Due to tolerance variations inherent to integrated circuits, particularly analog integrated circuits, an adjustment may need to be made to the DACs (20, 40) of FIGS. 2 and 3 to ensure that the time integral of the feedback signal corresponds to the correct value. Although absolute tolerance variations of integrated circuits may be poor, relative tolerance variations are usually fairly good. This is significant because the DACs 20, 40 of FIGS. 2 and 3, respectively, are preferably incorporated into the feedback of a CT Delta-Sigma A/D converter. The loop filter 12 of the Delta-Sigma converter 10 of FIG. 1 may include a plurality of Gm/C integrators. The time constant of the integrators may need adjustment so that the integrators will have unity gain during one period of the quantizer clock. This is routinely done for integrated gm/C implementations of CT filters as noted in a paper by J. Van der Plas, “MOSPET-C Piker with Low Excess Noise and Accurate Automatic Tuning,” published in IEEE Journal of Solid-State Circuits, Vol. SC-26, No. 7, July 1991, on pages 922-929, which is incorporated herein by reference for its teachings of gm/C adjustment techniques. An exemplary circuit 50 made in accordance with the present invention and used to adjust the value of gm and thereby achieve the desired integrator time-constant (regardless of process and environment variations) is shown in FIG. 4.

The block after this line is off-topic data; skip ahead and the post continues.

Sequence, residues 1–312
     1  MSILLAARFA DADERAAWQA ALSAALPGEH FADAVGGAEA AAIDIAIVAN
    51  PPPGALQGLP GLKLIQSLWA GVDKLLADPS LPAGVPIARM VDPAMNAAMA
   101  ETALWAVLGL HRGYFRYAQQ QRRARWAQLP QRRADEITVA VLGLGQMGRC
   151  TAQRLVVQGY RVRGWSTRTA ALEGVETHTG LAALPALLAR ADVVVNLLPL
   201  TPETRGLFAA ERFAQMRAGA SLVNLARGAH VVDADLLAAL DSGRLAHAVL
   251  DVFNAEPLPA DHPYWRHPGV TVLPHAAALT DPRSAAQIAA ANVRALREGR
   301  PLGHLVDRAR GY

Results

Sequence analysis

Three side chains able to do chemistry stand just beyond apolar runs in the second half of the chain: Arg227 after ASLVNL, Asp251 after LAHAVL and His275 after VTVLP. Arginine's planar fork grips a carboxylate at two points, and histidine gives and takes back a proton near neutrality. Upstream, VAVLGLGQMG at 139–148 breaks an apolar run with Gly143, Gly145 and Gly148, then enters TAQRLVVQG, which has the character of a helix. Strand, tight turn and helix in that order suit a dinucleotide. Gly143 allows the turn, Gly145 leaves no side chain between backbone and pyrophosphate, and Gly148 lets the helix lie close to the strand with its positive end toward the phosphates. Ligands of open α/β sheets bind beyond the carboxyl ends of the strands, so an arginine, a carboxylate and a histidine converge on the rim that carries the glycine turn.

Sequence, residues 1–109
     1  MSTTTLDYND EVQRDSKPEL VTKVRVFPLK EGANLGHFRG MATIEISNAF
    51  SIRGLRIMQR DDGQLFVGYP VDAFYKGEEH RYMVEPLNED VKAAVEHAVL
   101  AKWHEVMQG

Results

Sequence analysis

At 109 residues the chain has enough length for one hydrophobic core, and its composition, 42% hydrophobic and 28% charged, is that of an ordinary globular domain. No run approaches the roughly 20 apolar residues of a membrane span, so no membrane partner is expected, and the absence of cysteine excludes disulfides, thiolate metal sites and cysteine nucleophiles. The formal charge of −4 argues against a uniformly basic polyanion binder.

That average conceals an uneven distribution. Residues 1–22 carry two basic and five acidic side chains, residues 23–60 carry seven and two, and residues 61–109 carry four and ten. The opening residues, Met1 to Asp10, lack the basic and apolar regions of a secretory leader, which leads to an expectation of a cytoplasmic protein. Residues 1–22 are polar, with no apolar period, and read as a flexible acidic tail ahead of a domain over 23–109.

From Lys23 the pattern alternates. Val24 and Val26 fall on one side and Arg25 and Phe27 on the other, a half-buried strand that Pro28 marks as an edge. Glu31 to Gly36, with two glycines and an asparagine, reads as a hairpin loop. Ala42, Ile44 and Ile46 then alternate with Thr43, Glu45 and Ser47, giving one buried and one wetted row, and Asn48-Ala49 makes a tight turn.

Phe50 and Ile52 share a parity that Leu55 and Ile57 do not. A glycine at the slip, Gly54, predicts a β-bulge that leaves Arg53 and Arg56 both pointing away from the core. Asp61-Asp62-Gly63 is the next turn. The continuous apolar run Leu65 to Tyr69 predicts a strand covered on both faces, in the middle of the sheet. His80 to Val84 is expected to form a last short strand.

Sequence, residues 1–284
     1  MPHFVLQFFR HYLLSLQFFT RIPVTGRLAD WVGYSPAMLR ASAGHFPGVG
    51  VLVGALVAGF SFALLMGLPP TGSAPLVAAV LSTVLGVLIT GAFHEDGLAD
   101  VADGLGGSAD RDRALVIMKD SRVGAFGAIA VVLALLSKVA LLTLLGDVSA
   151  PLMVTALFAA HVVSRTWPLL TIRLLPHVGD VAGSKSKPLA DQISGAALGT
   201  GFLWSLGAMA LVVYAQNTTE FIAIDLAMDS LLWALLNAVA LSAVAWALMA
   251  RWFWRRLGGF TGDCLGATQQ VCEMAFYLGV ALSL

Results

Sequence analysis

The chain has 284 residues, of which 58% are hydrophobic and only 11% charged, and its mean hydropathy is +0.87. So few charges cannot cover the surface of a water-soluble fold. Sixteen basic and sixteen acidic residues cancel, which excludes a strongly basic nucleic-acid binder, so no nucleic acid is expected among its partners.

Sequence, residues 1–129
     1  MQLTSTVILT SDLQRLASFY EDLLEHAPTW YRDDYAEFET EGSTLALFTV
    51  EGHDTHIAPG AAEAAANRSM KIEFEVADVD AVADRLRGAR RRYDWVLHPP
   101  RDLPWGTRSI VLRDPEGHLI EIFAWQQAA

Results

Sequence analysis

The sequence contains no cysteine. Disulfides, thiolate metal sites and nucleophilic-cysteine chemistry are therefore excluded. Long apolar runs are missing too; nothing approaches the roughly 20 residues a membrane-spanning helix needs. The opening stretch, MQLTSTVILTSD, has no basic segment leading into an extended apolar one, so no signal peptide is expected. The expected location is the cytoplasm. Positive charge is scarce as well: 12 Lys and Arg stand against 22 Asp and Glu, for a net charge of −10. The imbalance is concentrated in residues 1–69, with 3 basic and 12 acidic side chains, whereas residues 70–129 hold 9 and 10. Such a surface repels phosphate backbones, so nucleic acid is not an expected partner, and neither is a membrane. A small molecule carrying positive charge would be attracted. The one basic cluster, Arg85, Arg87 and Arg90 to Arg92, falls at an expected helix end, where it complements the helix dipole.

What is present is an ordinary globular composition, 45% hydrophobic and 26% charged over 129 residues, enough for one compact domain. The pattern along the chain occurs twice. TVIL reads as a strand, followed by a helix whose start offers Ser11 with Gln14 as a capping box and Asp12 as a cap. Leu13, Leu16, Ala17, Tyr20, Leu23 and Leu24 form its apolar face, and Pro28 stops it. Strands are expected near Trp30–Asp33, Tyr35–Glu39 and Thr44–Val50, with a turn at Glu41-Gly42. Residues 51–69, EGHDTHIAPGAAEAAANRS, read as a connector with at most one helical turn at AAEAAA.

The circuit 50 of FIG. 4 preferably includes a transconductor 52, switches 22, 24, and 54, a capacitor 28, a summing integrator 56 and a loop filter 57. Switches 22, 24, and 54 are preferably individually controlled by clock phases Φ1, Φ2, and Φ3, respectively, where the clock phases Φ1, Φ2, and Φ3 are non-overlapping. The width of Φ1 is preferably equal to the period of the quantizer clock of circuits 20 and 40. In operation, the capacitor 28 is fully discharged during the clock phase Φ2 and the capacitor 28 is charged back with a current that is equal to Vrefgm during the period of Φ1. At the end of Φ1, the voltage that is held by the charged capacitor 28 is sampled and compared to a reference voltage, Vref by the summing integrator 56. It is noted that a different reference voltage, Vref2 may be input to the summing integrator 56 in other embodiments. The result of this comparison is used to adjust the tuning voltage, Vtune, such that the final voltage on capacitor 28 at the end of the charging cycle is always equal to Vref. The determined tuning voltage Vtune is then used to tune all of the gm blocks of the circuit 50.